Postpartum hypertensive issues can also be a concern, and providers should be alert to the symptom of headaches as a potential marker of elevated blood pressure. Although rehabilitation professionals should routinely measure blood pressure in patients, numerous studies have demonstrated that we do not. The referenced guidelines give parameters for blood pressure readings for mild, moderate, and severely high blood pressure readings in pregnancy.


High Blood Pressure in Pregnancy
Diastolic (mm Hg)
Systolic (mm Hg)

Mild 90-99 140-149
Moderate 100-109 150-159
Severe ≥110 ≥160


The third trimester and the postpartum period bring the highest risk for stroke, and the authors of the guidelines point out that a stroke can occur with even moderately elevated blood pressure readings. Even if a woman recovers from elevated blood pressure in the peripartum period, she may remain at risk for developing further cardiovascular disease including stroke. Having gestational diabetes, which can later develop into Type 2 diabetes, can also increase stroke risk, meaning that every woman's history related to pregnancy and postpartum cardiovascular health should be taken with interest. Measuring blood pressure regularly is also a habit that therapists must develop.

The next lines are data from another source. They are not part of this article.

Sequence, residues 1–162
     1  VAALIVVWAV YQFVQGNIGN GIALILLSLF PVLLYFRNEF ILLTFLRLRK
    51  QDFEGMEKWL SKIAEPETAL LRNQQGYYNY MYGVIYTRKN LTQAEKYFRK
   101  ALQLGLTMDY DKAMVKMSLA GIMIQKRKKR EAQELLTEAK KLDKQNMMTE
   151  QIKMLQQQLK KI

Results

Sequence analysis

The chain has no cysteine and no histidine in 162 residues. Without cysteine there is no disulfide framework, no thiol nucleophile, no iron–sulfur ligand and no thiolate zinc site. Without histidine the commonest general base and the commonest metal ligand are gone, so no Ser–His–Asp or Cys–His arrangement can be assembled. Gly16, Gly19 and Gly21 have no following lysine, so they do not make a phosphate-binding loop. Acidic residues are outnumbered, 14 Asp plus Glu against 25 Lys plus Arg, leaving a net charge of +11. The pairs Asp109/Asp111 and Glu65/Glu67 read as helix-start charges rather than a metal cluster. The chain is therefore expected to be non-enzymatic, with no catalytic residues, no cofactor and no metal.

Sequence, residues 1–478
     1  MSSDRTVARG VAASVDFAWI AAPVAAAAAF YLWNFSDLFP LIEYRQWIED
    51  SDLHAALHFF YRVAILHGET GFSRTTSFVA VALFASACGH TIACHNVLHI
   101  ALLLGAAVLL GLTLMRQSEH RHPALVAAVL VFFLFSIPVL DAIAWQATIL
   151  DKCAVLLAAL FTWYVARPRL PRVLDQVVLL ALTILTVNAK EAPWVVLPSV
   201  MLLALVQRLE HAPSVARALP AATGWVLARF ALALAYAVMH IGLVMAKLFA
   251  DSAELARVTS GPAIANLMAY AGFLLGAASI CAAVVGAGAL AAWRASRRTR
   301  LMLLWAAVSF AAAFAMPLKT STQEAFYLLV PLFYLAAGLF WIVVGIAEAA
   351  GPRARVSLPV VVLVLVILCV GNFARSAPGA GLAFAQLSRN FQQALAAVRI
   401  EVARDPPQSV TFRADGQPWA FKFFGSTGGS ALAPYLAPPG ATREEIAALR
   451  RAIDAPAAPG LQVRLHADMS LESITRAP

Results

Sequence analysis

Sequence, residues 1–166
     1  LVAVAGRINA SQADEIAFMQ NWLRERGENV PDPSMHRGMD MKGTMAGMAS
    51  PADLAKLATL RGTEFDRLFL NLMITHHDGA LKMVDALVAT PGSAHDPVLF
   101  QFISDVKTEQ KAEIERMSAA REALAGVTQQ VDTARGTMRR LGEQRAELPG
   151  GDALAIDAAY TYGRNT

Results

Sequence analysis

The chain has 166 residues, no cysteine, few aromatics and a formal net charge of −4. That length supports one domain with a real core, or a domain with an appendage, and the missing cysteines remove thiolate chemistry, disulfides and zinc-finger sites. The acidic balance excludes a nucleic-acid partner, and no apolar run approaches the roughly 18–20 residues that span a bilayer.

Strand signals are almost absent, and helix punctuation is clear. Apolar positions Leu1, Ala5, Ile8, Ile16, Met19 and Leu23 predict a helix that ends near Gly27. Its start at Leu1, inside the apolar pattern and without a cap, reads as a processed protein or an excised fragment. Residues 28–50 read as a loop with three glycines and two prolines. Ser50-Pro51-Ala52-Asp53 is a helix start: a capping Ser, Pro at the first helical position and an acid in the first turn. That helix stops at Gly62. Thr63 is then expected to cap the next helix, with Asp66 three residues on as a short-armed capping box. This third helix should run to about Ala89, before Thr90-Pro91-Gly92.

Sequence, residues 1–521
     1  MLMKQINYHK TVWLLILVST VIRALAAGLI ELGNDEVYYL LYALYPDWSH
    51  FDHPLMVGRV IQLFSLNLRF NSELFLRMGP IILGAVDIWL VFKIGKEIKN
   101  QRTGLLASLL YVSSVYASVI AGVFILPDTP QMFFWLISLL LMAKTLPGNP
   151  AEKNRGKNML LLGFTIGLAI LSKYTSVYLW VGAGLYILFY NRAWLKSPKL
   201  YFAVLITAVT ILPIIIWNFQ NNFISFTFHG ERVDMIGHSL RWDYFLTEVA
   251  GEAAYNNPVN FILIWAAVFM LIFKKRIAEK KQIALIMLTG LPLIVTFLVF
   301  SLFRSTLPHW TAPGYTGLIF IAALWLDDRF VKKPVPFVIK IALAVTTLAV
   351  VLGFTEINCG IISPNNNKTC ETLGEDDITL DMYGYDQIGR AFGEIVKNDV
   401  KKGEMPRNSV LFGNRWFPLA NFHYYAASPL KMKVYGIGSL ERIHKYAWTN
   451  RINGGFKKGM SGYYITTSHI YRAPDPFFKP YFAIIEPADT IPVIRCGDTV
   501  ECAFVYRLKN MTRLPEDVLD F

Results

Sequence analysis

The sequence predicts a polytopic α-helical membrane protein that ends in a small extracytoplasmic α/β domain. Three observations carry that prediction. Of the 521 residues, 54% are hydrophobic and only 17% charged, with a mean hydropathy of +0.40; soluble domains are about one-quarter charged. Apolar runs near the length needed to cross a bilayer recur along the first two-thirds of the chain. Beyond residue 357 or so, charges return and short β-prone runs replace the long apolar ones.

Dec 19, 2014


A recent on-line, national survey completed in Australia asked women who had completed treatment for breast cancer to answer questions about exercise. 432 women were surveyed about their perceived exercise barriers as well as potential benefits. Although the answers may not be entirely surprising to practitioners who work with women who are participating in cancer rehabilitation, we may be able to learn about ways to support women who are interested in increasing their exercise activities. Women reported challenges of feeling weak, lacking self-discipline, and not making exercise a priority as barriers to exercising. Women also reported enjoying exercising, having improved sense of well-being, and decreased tension and stress when participating in exercise. The authors in this study describe the potential physical benefits of exercise in survivors of breast cancer to include improved cardiorespiratory fitness, strength, energy levels, more effective weight management, and decrease in risk of heart and circulatory disease. Further benefits towards emotional and psychological health are also described in the study and include improved self-esteem, decreased anxiety and depression, and better mood.